CEO SUMMARY: In Seattle, Tasso Inc., a start-up company, is developing a device that adheres to the skin and collects capillary blood that can be used for lab testing. Tasso says the device is a less invasive than a venipuncture. At the same time, executives at Tasso recognize that, for many types of lab tests, it has not yet been demonstrated that capillary blood is a comparable specimen to venous blood, which is the current gold standard for lab specimens. Under its current product development timetable, Tasso expects to file for FDA review of its new device in 2017.
ONE QUESTION RESEARCHERS WANT TO answer is whether clinical laboratories can use capillary blood rather than venous blood for certain tests. If they can use capillary blood, then the collection process becomes simpler and cheaper for labs and easier for consumers.
Recognizing these benefits, several companies are developing technologies to collect capillary blood in such a way that it can be reliably used for medical laboratory testing purposes.
Perhaps the best known company that claims to have technology that allows it to use capillary blood for much of its clinical laboratory testing is Theranos, the lab testing company based in Palo Alto, Calif.,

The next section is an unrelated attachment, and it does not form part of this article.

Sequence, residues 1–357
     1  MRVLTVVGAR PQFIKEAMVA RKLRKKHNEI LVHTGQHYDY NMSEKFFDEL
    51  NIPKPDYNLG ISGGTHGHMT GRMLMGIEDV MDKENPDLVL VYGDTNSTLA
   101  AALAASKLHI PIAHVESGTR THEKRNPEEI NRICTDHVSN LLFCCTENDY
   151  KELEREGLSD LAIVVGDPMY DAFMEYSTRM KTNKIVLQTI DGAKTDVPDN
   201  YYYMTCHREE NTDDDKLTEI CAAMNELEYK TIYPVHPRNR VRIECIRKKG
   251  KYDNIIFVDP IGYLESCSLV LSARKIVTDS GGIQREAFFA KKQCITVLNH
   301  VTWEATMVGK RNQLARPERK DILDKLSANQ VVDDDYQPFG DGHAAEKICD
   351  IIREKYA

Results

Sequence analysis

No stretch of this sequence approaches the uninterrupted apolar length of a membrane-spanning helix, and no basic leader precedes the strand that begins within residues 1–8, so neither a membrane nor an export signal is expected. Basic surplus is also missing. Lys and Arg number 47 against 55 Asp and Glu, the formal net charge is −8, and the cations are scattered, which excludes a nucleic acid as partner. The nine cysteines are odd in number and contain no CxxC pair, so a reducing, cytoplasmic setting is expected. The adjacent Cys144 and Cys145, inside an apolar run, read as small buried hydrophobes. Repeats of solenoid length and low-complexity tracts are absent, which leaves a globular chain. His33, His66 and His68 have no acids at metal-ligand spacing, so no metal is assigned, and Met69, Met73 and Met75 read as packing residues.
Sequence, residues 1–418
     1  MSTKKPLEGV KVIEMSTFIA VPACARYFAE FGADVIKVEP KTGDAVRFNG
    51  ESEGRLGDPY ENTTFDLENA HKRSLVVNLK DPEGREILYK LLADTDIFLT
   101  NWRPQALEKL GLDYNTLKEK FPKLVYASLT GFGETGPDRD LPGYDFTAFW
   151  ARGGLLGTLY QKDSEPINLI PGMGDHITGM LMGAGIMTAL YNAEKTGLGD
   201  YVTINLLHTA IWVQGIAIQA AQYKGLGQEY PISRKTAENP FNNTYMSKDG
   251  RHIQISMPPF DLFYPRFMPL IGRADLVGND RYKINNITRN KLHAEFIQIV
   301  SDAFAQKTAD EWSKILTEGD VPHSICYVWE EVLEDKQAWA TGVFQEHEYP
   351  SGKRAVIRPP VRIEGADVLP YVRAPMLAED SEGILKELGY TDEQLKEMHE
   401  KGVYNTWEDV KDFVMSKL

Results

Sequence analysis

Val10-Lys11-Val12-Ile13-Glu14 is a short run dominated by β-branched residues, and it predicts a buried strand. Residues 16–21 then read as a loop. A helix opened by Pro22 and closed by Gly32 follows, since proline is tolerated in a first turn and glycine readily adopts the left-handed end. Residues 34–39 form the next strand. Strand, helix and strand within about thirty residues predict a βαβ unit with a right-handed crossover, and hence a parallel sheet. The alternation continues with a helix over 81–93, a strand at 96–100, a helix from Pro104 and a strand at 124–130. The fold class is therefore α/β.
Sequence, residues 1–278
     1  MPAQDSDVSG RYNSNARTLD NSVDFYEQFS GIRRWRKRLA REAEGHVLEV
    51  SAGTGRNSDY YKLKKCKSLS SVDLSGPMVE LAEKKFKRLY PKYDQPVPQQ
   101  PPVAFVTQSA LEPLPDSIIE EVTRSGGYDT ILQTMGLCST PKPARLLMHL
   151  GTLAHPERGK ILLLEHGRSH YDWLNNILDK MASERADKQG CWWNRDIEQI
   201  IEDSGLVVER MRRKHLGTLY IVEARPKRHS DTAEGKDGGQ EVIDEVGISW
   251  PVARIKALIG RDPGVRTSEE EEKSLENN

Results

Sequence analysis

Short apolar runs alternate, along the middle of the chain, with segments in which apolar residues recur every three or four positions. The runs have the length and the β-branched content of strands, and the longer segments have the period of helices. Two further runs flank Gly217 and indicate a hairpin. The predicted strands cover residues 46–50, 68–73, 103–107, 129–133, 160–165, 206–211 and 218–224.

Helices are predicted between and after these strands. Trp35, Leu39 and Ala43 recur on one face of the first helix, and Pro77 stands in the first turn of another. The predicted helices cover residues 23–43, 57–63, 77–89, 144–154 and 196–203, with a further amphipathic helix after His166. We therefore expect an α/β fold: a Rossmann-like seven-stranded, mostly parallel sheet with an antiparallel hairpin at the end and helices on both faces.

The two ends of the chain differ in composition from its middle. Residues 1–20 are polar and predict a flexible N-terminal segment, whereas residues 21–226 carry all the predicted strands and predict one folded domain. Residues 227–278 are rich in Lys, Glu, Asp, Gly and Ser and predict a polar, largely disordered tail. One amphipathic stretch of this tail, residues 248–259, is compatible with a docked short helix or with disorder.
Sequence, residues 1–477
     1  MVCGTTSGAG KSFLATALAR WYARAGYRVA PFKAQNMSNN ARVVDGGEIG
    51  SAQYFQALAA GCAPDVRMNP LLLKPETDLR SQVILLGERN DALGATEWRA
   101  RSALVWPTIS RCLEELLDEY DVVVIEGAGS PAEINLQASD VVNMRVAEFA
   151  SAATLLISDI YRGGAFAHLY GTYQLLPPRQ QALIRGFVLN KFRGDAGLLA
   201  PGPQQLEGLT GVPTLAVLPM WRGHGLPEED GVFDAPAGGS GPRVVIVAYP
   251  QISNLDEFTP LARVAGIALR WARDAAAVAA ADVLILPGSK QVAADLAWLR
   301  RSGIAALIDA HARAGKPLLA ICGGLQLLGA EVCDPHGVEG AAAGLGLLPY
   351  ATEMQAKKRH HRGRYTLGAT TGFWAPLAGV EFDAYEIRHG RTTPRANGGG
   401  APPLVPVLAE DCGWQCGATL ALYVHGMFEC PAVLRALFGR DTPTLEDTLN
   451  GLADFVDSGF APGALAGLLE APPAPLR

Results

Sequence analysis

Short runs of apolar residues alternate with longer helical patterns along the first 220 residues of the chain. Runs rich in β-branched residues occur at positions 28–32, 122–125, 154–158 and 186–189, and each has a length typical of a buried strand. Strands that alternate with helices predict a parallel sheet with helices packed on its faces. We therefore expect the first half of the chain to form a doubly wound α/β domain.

Also in this technology race is Tasso Inc., a start-up company in Seattle that uses a microfluidic blood-draw device called the HemoLink that it hopes can replace venipuncture.
Tasso President Ben Moga described the technology and the company’s plans to seek FDA approval for HemoLink. Developed by researchers at the University of Wisconsin-Madison, the blood-collection device is about the size of a golf ball.
To collect capillary blood, the HemoLink device is simply placed on a patient’s upper arm and left on the arm for two minutes. In that time, the device uses a lance and then draws blood from capillaries beneath the skin via a slight vacuum. Tasso’s proprietary open microfluidic network next transports the blood into an attached collection tube. Then the patient or physician can mail the tube to a medical laboratory for analysis.
Utility of Capillary Blood
“First, I should say that we use lancets in the HemoLink because there is no secret way to puncture the skin,” stated Moga. “We use the same mechanism everyone uses: a tiny lancet that pokes the skin.